President Obama on Tuesday is expected to sign into law the health care overhaul, but the battle over alterations demanded by House Democrats is just beginning in the Senate.
Republicans are preparing a series of amendments and objections to the secondary bill designed to force Democrats to take difficult political positions.
Republican Sen. Charles E. Grassley of Iowa said Monday he plans to introduce an amendment to require the president, Cabinet members and White House staff to buy their insurance through the government exchanges. As written, the overhaul prevents them from going to the exchanges because they get their insurance through their employer.
Senate Democrats are expected to have the 51 votes they need to pass the package of changes under reconciliation rules. So the drama will rest with the Senate parliamentarian, who will decide whether the Republicans’ objections are legitimate, and with Republicans, who will decide how long they plan to try to block the bill.
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Any change the Senate makes to the legislation would force the House to take another tough vote to pass the plan and possibly kill it.
Top Senate Democrats have said that they have asked the rank-and-file to vote against every amendment to the bill — even if they agree with them.
Sen. Bernard Sanders, a Vermont independent who caucuses with Democrats, was expected to introduce an amendment to establish a public insurance plan. But a spokesman for Senate Majority Leader Harry Reid said Monday that he hasn’t seen any pending Democratic amendments.
The package of changes passed the House on Sunday after the primary bill passed. It would decrease the impact of a tax on high-cost insurance plans, eliminate state-specific deals that critics say were crafted to “buy” votes and insert a new Medicare tax on wealthy Americans. Thirty-three Democrats joined all 178 Republicans in opposition.
House Democrats said Monday that they’re confident the Senate can complete the job.
“We’ve received every assurance the Senate will move forward this week,” said Rep. Chris Van Hollen of Maryland, chairman of the Democratic Congressional Campaign Committee.
“In the very unlikely event that it would happen to come back to the House, we will get it done. The votes are clearly there to get it done.”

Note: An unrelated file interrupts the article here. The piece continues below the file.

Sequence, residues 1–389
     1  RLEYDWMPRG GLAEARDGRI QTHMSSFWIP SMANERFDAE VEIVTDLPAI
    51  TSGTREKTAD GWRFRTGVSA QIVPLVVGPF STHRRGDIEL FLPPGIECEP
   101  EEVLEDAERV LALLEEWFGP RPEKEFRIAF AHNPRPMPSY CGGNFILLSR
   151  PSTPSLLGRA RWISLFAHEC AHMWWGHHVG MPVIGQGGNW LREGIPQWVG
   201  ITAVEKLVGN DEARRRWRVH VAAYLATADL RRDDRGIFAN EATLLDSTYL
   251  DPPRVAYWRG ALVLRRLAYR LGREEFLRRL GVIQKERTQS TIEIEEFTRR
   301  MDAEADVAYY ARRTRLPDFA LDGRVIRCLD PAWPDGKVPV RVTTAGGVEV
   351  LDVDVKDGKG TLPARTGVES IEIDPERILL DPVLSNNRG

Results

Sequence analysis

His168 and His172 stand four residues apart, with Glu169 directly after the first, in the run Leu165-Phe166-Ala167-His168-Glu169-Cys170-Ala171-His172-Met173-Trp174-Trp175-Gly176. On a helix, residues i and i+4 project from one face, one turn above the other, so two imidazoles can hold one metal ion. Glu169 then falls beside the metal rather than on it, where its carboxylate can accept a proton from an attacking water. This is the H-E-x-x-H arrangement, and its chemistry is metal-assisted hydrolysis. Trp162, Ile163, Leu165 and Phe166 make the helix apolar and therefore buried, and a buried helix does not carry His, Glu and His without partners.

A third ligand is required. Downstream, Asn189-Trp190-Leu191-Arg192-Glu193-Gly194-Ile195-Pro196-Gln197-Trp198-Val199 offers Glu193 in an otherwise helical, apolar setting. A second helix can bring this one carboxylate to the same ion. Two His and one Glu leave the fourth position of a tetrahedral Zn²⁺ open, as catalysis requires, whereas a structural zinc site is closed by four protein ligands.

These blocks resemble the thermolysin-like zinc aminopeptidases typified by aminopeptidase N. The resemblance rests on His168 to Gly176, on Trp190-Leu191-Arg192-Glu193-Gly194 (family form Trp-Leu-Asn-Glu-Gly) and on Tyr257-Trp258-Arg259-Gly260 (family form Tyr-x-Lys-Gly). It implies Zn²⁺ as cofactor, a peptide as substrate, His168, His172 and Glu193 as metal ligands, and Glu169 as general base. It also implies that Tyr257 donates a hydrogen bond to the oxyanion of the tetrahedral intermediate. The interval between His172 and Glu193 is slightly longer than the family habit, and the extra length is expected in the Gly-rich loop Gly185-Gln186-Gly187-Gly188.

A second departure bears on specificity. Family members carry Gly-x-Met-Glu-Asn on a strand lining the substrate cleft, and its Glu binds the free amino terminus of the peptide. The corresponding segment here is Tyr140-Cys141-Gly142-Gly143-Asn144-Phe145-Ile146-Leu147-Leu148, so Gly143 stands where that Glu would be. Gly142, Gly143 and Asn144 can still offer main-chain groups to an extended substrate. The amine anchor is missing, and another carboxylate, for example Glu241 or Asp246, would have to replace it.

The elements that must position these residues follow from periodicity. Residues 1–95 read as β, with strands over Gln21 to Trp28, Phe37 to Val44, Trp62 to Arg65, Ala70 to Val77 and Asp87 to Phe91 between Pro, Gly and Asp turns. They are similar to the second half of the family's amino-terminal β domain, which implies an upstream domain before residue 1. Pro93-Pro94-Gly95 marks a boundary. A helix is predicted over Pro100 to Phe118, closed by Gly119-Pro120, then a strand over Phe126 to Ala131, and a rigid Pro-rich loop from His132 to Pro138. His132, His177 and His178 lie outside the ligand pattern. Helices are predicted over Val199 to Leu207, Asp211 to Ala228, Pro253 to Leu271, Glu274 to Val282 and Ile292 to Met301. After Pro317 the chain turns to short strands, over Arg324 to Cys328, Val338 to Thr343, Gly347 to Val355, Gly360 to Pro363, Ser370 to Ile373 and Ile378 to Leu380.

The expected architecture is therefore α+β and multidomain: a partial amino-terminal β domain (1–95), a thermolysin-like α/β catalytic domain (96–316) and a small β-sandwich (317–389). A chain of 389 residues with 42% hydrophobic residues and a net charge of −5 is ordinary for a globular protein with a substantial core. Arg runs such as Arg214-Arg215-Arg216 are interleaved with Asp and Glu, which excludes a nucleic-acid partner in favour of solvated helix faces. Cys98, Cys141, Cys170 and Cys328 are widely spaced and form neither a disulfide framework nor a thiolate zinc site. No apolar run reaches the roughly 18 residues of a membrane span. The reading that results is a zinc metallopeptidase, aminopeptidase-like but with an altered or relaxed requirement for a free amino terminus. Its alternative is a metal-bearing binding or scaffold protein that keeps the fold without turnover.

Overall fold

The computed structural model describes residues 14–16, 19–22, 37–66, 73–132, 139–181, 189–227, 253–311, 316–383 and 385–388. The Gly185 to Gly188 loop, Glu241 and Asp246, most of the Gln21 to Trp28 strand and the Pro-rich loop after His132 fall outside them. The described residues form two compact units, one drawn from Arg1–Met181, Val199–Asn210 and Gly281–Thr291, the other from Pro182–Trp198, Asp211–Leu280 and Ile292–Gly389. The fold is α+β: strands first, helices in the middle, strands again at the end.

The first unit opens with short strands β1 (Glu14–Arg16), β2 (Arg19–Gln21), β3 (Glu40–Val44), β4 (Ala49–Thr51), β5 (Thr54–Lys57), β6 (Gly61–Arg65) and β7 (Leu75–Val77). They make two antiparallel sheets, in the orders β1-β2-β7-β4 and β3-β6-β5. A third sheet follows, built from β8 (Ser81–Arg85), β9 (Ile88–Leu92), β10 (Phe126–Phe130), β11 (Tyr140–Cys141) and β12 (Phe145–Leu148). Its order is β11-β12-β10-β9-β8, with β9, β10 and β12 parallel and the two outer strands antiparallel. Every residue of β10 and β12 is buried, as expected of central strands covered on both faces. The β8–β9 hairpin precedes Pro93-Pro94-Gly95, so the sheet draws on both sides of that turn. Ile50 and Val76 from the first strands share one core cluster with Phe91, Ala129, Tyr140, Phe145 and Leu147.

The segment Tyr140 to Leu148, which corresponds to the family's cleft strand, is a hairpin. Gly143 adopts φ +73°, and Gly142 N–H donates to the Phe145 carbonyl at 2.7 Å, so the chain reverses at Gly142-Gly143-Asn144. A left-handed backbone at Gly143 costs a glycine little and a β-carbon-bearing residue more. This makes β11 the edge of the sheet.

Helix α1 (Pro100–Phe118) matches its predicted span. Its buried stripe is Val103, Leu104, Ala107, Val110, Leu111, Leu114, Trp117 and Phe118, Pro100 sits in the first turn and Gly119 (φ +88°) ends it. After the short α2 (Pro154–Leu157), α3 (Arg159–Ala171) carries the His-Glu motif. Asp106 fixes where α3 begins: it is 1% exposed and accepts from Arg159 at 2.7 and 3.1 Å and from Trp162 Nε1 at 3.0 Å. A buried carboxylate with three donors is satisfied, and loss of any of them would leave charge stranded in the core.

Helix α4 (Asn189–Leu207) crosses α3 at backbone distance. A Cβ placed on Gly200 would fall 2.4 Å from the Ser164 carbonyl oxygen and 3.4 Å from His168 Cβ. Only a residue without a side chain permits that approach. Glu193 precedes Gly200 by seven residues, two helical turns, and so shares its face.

The Senate will debate the bill through Thursday and then start voting on the amendments in a frenzy called “vote-o-rama.” Lawmakers stay in the Senate chamber all day working through votes on the amendments with only a few minutes to debate the merits of them or read them.
Republicans also say they plan to raise many objections to the so-called Byrd rules that restrict what kind of legislation can pass through reconciliation. For instance, they plan to argue that the bill’s tax on high-cost insurance plans would impact Social Security, which would be a violation of reconciliation rules.
Republicans said Sunday, shortly before the House voted, that they are confident the objection would hold up, but Democrats on Monday called it a phony move designed to scare House Democrats.
The parliamentarian, Alan Frumin, would decide whether the objection is legitimate. Whoever is presiding over the Senate at the time - it could be Vice President Joseph R. Biden Jr. - would decide whether to accept his advice. If the objection is deemed legitimate, Democrats would have to corral 60 votes to override the decision.
But all 41 Republicans have said they wouldn’t support such a move.
Sen. Ben Nelson, Nebraska Democrat, said Monday that he intends to vote against the reconciliation bill because it includes changes to the student-loan industry that would essentially ban private banks from issuing student loans. Sen. Blanche Lincoln, Arkansas Democrat, has said she plans to vote against the bill as well because she doesn’t agree with reconciliation.